I am aware Macallan Elegancia is matured in both Oloroso and Fino sherry oak casks for lighter, more delicate sherry style. How about Macallan Select Oak? (I don’t know too much about this Select Oak). Does it taste lighter or/and sweeter? Please let me know the difference between these two items. Thanks.



    • John Hansell says:

      Alice, I haven’t compared the two side-by-side, and I don’t have Elegancia in my stash at the moment, so I can’t answer your question definitively. Maybe someone from The Macallan can chime in here if they are lurking?

  6. Becky Brock says:

    Hi John, delighted to explain the difference between the two expressions on behalf of The Macallan. Elegancia is all sherry wood, first fill and refill European and American oak casks, but of a lighter style. Select Oak is sweeter in style, as it’s a mix of European oak casks, seasoned with Oloroso sherry which gives it its richness with sweet dried fruits and a hint of spice; and American oak casks, seasoned with Oloroso sherry or bourbon, which deliver vanilla and butterscotch flavours. This is futher enhanced by the addition of first fill sherry hogshead casks which give Select Oak a classic depth of flavour and a really long finish. Hope this helps.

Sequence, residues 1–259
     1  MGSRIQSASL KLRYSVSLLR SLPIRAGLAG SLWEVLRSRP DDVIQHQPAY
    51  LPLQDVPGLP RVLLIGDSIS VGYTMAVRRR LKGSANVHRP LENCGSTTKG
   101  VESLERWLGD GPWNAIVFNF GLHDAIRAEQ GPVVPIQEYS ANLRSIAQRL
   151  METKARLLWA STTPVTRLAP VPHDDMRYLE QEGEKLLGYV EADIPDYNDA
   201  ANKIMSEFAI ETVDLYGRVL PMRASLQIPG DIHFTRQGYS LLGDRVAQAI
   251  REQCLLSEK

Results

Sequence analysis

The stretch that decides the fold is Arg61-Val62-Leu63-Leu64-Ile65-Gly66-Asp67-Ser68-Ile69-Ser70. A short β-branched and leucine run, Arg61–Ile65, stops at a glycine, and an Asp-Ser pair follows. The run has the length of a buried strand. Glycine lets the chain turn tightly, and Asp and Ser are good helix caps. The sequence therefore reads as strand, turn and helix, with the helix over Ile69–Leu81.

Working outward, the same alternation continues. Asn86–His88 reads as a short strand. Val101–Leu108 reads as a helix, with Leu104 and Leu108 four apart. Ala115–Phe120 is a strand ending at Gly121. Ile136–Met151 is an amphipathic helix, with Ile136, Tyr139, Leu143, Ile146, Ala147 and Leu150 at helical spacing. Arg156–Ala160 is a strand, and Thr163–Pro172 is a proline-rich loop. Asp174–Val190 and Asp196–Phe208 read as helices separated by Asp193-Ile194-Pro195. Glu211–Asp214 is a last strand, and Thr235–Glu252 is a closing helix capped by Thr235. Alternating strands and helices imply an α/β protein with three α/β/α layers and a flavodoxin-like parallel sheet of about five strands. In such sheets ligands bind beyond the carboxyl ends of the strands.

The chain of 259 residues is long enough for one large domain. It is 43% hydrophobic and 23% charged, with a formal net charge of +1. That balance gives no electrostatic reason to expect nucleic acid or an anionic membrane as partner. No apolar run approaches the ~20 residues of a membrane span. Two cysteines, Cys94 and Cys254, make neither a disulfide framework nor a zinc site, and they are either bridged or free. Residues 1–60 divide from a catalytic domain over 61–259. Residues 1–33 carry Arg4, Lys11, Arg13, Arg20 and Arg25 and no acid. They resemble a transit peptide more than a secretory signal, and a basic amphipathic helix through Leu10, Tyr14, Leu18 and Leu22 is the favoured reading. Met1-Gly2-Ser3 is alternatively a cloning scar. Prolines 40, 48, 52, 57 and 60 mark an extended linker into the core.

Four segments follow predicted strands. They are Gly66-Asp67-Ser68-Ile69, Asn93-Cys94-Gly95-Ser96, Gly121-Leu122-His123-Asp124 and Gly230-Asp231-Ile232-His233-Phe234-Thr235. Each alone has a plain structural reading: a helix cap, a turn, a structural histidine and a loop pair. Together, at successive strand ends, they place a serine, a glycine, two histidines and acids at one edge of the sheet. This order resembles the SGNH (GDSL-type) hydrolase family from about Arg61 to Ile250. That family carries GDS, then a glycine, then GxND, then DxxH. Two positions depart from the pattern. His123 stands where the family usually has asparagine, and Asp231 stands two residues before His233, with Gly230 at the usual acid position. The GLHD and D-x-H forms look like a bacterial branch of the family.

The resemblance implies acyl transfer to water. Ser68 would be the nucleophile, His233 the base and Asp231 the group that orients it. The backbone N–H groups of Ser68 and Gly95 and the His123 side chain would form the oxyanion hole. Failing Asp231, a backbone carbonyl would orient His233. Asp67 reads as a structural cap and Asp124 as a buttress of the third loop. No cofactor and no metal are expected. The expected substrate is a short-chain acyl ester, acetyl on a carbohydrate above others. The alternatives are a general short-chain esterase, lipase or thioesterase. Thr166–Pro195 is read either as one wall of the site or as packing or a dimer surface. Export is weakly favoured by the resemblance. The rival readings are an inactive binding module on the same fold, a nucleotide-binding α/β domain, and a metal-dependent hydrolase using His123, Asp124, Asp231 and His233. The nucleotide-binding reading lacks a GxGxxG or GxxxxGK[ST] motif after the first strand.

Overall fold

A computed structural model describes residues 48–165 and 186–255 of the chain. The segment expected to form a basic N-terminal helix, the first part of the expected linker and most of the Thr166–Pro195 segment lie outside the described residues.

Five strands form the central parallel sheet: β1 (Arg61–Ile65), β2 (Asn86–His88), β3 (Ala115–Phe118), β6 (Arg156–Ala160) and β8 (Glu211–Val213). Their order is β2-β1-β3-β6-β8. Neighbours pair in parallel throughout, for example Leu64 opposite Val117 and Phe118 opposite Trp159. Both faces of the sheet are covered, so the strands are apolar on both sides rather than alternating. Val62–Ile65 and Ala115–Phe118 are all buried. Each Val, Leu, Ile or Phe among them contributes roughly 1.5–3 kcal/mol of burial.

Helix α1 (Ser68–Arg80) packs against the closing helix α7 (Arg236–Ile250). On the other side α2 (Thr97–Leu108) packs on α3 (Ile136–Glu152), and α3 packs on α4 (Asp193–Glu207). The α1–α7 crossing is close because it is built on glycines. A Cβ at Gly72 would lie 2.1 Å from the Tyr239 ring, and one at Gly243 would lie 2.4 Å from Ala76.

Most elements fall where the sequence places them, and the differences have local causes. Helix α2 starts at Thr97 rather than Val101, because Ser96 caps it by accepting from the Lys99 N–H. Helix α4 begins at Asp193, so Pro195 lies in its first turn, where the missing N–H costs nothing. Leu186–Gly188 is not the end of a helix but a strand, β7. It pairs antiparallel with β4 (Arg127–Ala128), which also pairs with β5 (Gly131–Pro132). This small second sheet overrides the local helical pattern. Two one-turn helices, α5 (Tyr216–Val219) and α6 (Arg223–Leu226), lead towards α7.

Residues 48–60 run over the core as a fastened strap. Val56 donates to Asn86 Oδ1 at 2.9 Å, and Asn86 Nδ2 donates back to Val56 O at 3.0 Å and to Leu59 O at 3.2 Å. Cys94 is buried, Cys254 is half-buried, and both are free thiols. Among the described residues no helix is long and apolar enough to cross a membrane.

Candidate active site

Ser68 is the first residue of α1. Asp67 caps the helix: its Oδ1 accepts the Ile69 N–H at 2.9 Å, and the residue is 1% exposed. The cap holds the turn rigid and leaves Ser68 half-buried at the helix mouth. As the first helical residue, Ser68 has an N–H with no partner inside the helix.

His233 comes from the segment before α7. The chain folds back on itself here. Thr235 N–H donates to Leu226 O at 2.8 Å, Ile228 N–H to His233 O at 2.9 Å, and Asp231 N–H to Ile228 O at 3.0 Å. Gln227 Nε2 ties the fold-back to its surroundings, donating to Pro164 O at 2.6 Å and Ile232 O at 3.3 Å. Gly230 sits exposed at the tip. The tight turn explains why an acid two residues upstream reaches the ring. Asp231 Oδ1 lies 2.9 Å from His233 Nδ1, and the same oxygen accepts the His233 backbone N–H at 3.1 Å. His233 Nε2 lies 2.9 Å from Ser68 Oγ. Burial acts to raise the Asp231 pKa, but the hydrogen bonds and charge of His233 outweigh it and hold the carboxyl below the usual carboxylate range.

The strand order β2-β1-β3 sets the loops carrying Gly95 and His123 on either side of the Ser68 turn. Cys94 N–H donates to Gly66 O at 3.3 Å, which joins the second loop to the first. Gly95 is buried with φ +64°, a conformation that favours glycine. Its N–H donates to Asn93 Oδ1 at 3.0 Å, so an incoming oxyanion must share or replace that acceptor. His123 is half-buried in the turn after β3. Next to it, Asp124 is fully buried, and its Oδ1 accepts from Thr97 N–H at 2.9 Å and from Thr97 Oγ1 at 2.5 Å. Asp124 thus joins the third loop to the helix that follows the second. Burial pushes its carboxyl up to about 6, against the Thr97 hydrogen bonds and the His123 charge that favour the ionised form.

7. Thanks for your current articles concerning Travel Retail only whiskies. I asked an associate of mine to pick two of the Macallan’s up and the new Balvenie Golden Cask next week when they’re traveling. I just hope they have the time and/or remember. Unfortunately though I won’t be tasting them till my October & December tastings as the next two are already set. As I have 24 unopened bottles on the list before them.

  8. Kevin M. says:

    John, I have to disagree with your assessment of the Select Oak. It is by far the most bland whisky I’ve ever tasted; both the palate and the finish seem to be non-existent, though the nose is pleasant, and there is an almost sour aftertaste. This is surprising for The Macallan. Have you heard of any inconsistencies in the bottling?


  9. Phil says:

    Macallan Select Oak
    I recently purchased a bottle of Macallan Select Oak. The scotch turns turbid and emits an odor that smells like garbage after being in a glass for a couple of hours. What is wrong with this product? I have never experienced such an event with any Macallan products before.

  10. Rodney says:

    Where can I purchase the Macallan 1824 Whiskey Maker’s edition?


  11. Allen says:

    Hi John,
    Any idea how the 1824 Limited Release can be obtained? Looked everywhere online w/out any luck.


  12. Ed says:


    As I understand, you can purchase it in the Duty-Free stores in the airports as in not available in the U.S. unless you have a friend in the diplomatic circles. Have only one bottle of this now, the taste/nose on the Mac ER is extremely rich and hearty when compared to the Mac 18.